A Depressing Outlook for Big Pharma's Next Few Years

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Prospects for pharmaceutical companiesFor top pharmaceutical companies, the period from 2003 to 2009 was marked by a robust 7.1% growth rate. But the leading branded pharma companies will see growth slow to just 1.3% from now to 2015, independent market analyst company Datamonitor said in a new report. Behind the "sharp declines in branded sales" and the "rapid deterioration in growth," is the loss of patent exclusivity on many drugs.

Indeed, the much-dreaded "patent cliff" will shift gears in 2011 and get steeper, with a growing number of major drugs losing patent protection and their manufacturers forced to compete with cheaper generics. At the same time, "The difficulty in developing new products, particularly those that can generate sufficient sales to compensate for blockbuster expiries, has compounded this problem," Simon King, pharmaceutical company analyst at Datamonitor said in a statement.

King points to a shift among drugmakers "away from blockbuster-centric growth strategies towards diversification into other areas of the market." Indeed, over the last year, pharmaceuticals have been investing more in areas such as generics, vaccines, biological drugs and highly specific drugs such as those to treat rare diseases.

A Few Will Buck the Trend

Datamonitor predicts that companies "insulated from generic competition, or able to offset it via revenue growth sourced from a high biologics focus or the targeting of niche indications and areas of high unmet need will therefore emerge as the best performers." Of the Big Pharma companies, only Bayer, Novartis (NVS), Roche (RHHBY) and GlaxoSmithKline (GSK) will apparently be generating above-average growth over the period to 2015.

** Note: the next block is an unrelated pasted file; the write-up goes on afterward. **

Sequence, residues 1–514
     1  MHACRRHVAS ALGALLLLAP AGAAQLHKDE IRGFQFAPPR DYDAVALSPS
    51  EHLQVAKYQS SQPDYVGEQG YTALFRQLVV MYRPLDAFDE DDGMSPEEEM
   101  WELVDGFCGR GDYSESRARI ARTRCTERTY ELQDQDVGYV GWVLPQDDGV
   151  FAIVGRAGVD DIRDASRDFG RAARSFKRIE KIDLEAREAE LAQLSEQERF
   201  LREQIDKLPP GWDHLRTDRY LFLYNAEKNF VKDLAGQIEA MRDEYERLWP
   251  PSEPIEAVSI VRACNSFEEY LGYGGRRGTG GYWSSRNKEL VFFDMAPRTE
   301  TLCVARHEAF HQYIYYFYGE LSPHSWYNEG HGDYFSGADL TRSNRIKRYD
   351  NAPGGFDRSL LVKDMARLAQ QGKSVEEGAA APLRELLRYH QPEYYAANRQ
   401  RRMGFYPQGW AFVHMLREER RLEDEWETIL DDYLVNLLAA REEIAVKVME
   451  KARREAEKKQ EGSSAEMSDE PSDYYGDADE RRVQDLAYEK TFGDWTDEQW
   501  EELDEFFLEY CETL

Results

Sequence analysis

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But while Datamonitor focuses on the patent-cliff implication, another aspect is likely to add to pharmaceutical companies' headache: government cost-cutting. In the post-Great-Recession age of large deficits and sovereign debt problems, governments are trying to cut back on everything, including health care. The U.S. health care insurance reform is but one example.

Countries across the European Union have introduced austerity measures that feature health care spending cuts, including specifically tackling the power of pharmaceutical companies to set prices in Germany. Bailed-out Greece and debt-ridden Spain also included severe health care reductions in their austerity measures. Hungary's economic reform, to be announced next month, could include 30% cuts to the national drug-reimbursement bill.

"Enormous Downward Pressure"

And just Thursday, Bloomberg reported that the U.K. has told the drug industry in the summer that the prices of new medicines would be lower than companies wanted. Alan Maynard, a health economist at the University of York, expects "enormous downward pressure on drug prices and volumes," Bloomberg quotes.

It's also not surprising then that many drug companies have turned to emerging markets in search for growth, as their health care budgets are increasing, not shrinking. With less growth and shrinking research and development budgets, it will be critical for pharmas to find enough incentive to continue with innovative research.
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